Meditation’s not about the breath anyway. The breath is just a tool. How long should one work with the breath? There’s no hard and fast rule, sometimes five or ten minutes, sometimes longer. What you’re looking for is a sign that the mind is getting quiet because it settles down quickly when synchronized with the breath.

If you see that the mind and breath are synchronizing, use surplus attention to release pent-up thoughts and feelings on the out-breath. Don’t relate to or analyze the thoughts at this point, simply pay attention to what you’re doing, and let the mind empty on its own. Just as the out-breath cleanses the body, releasing thoughts detoxifies the mind. From a meditative perspective, the meditator’s relationship to the thoughts is more important than the thoughts themselves. Later when you’re seeing from the Self it may be helpful to analyze them, even though ultimately all thoughts are useless. [30] At this point don’t worry about losing them, they’ll be back. The mind will never completely empty, so don’t worry. The point is to take a little pressure off, help it quiet down.


The mind is becoming quiet when you start to be conscious of all sorts of sounds you weren’t previously aware of. You never hear the clock ticking because the mind, formerly occupied with its thoughts, is emptying. You may hear the heart beat, the scratching of the breath as it goes in and out, snippets of conversation taking place blocks away, the hum of the kitchen refrigerator, a fly buzzing lazily in the adjoining room. The thoughts may be amplified, larger than life, or slower, as if they were slogging through molasses. You might start picking up on them as they start rather than at the end of their cycle.

You will notice these things because you are now surrounded by a bubble of Silence which, depending on the quietude of the mind, may be hardly noticeable or roar as it does out on the Great Plains in the dead of a summer night.

When the Silence appears as a tangible presence, take your attention from the breath and fix it on the Silence. Because it’s served its purpose, the breath should drop out of consciousness, or seem very light, faint, far away, irrelevant. Sometimes the mind gets completely swallowed by the silence and you find yourself deep within your Self, unaware of the breath, the noises in the room, your thoughts, absolutely everything - a state similar to conscious sleep. Time dissolves and you are overcome with an ecstatic peacefulness, difficult to describe.

Many unusual experiences can happen when the mind is quiet. Let them happen, don’t cling. All experience, like thought, is essentially transitory, not subject to ego control. And the purpose of meditation is not to produce specific pleasurable experiences but to inquire into the nature of the Self and the mind. Unless you’re aiming for nirvikalpa samadhi, the state without thought, which will not give Self knowledge [31] see that you remain alert and allow the senses and mind to function. The presence of thought does not affect the Silence. The ideal situation is to observe the thoughts and sounds appear into and disappear out of the Silence like phantoms. The silent peaceful Awareness in which they appear is experienced as a rocklike, real, luminous and eternal presence. The experience of the Silence is the essence of meditation because it lets the meditator observe firsthand the insubstantiality and unreality of the body/mind instrument, in a way reading books and listening to lectures can never do.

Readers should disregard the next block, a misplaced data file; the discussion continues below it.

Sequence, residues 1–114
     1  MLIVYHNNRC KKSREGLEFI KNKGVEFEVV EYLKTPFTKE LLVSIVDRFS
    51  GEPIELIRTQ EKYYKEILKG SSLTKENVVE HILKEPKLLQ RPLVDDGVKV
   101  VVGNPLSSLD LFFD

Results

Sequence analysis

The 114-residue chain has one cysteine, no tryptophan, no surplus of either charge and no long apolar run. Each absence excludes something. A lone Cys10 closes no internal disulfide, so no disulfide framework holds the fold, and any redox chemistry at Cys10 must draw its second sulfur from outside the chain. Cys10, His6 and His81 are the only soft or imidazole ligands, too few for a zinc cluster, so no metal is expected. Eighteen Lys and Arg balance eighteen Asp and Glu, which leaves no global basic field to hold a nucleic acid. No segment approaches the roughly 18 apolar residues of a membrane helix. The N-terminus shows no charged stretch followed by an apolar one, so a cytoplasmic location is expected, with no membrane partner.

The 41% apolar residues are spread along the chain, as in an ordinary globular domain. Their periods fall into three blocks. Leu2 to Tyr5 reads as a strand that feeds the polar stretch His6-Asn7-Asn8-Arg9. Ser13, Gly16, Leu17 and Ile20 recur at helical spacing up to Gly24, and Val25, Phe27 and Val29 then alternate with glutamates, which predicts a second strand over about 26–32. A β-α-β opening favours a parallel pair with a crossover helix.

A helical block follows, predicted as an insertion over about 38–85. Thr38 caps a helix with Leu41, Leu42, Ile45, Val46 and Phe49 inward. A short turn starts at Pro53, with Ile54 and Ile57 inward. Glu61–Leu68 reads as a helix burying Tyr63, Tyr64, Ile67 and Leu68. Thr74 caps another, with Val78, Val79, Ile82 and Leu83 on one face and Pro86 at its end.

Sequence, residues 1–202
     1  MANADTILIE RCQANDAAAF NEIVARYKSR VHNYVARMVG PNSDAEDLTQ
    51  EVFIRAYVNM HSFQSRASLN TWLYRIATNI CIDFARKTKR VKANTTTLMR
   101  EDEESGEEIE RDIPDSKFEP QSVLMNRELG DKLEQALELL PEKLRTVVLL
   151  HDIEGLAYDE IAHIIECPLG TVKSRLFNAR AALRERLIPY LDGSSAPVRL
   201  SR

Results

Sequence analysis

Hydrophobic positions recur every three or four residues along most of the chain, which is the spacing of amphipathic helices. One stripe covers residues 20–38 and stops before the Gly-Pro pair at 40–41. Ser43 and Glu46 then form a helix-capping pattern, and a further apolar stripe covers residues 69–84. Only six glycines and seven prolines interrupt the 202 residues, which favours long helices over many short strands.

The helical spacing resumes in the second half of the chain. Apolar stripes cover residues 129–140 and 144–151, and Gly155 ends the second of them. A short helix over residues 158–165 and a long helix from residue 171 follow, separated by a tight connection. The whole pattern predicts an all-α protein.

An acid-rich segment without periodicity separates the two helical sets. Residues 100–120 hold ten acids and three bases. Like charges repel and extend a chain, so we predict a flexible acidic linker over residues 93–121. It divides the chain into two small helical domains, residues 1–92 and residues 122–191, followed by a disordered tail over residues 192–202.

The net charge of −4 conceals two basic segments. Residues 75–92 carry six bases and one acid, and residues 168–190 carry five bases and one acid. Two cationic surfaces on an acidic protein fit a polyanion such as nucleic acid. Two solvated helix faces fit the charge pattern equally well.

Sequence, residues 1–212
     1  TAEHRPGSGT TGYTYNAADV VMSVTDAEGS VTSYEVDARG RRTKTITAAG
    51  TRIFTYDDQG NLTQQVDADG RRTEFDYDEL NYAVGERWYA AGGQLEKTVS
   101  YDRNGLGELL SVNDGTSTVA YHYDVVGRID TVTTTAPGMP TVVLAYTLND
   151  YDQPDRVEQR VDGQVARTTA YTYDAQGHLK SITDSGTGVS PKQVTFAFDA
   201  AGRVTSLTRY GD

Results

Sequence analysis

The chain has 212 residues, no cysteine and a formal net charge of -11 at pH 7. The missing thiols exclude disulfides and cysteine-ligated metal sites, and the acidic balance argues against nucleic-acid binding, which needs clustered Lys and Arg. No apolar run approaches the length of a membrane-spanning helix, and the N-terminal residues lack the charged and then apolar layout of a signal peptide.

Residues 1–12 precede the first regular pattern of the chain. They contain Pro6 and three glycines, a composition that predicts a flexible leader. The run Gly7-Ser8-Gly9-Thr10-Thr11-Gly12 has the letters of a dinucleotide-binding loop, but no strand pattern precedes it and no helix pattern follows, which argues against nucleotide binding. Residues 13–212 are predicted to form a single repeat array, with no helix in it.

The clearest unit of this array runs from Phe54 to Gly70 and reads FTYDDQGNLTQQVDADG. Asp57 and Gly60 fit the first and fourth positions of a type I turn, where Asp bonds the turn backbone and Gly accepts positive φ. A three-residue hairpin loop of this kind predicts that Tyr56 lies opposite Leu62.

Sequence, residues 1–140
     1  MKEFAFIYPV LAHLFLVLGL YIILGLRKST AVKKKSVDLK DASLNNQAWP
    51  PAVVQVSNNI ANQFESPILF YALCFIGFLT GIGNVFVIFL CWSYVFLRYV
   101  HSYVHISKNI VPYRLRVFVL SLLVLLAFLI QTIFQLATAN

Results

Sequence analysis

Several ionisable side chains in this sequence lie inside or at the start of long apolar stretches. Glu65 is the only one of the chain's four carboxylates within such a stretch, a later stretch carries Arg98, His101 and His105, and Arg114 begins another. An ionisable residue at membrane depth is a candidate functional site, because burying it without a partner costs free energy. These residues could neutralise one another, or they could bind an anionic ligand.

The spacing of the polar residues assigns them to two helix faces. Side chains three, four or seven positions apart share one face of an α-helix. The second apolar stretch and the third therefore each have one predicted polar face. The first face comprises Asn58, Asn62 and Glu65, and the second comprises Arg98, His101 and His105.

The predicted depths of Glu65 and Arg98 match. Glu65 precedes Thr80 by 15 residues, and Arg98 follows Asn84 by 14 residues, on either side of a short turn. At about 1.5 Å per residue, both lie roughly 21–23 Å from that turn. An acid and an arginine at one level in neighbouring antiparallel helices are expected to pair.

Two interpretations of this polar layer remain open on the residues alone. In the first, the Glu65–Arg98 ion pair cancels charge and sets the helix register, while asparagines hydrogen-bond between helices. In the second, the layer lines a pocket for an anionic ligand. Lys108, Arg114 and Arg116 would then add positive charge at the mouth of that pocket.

If the ego insists on intruding, making itself uncomfortable in the Silence, trying to distract like a needy child, you can teach it to surrender, allow the thoughts and feelings to arise and fall without interference. I think of the Silence as the altar of the inner temple and take great pleasure witnessing the thoughts and feelings arise out of and disappear back into It. The discipline of meditation involves a struggle with the ego to keep attention fixed on the Silence. If the Silence is particularly deep or radiant the ego will be so stunned it will surrender completely, like an awestruck kid at a carnival. But this is not always the case, not because the Silence is unattractive but because powerful samskaras carry the attention far afield.

One wouldn’t think to visualize or chant anything at this time because the experience of the Silence itself is fascinating and fulfilling. However, sometimes the mantra arises spontaneously, chanting itself. Occasionally, when a particularly subtle part of the Unconscious is active, wonderful inner visions manifest.

The meditation is not creating the Silence, although it may seem so. The Silence is the substratum of all experience, the self-luminous Consciousness that is the source of every perception - the limitless I. The meditation technique simply withdraws enough consciousness from the body and mind to allow the ever-present and apparently-hidden Silence to manifest.

Once the meditator is proficient in contacting the Silence the question of what the Silence is and what sort of relationship one wants will arise. Although there are no rules, I like to encourage the meditator to explore the boundaries between his or her waking/dreaming self and the Silence. The Silence is the most tangible manifestation of the Self, the realization of which frees one from suffering. There are many ways to relate to the Self but I like to see it as an intimate friendly lover, in whose presence I feel totally comfortable. Try surrendering, melting into Its compassionate embrace, allowing the watcher, the concentrator, the meditator, to dissolve into it. When the ego opens up to the Silence its cleansing waters flood in, healing body and mind.

The Silence may not seem so much like silence as Peace, a sense of being completely at rest, fulfilled, and unconcerned, the “peace that passeth understanding.”

Or as inexplicable bubbling blissfullness.

Or limitlessness, emptiness, and fullness.

Contact of the mind with the Self can be described in many ways, all equally valid, but experience of the Self through the mind is not Self- Knowledge, Enlightenment. Enlightenment is the re-discovery of oneself as the Self.


30 Useless with reference to contacting the Self.
31 Self knowledge takes place in the mind, but if the mind is non-existent how can it take place?

Read Part 5...


Page last updated: 18-Apr-2013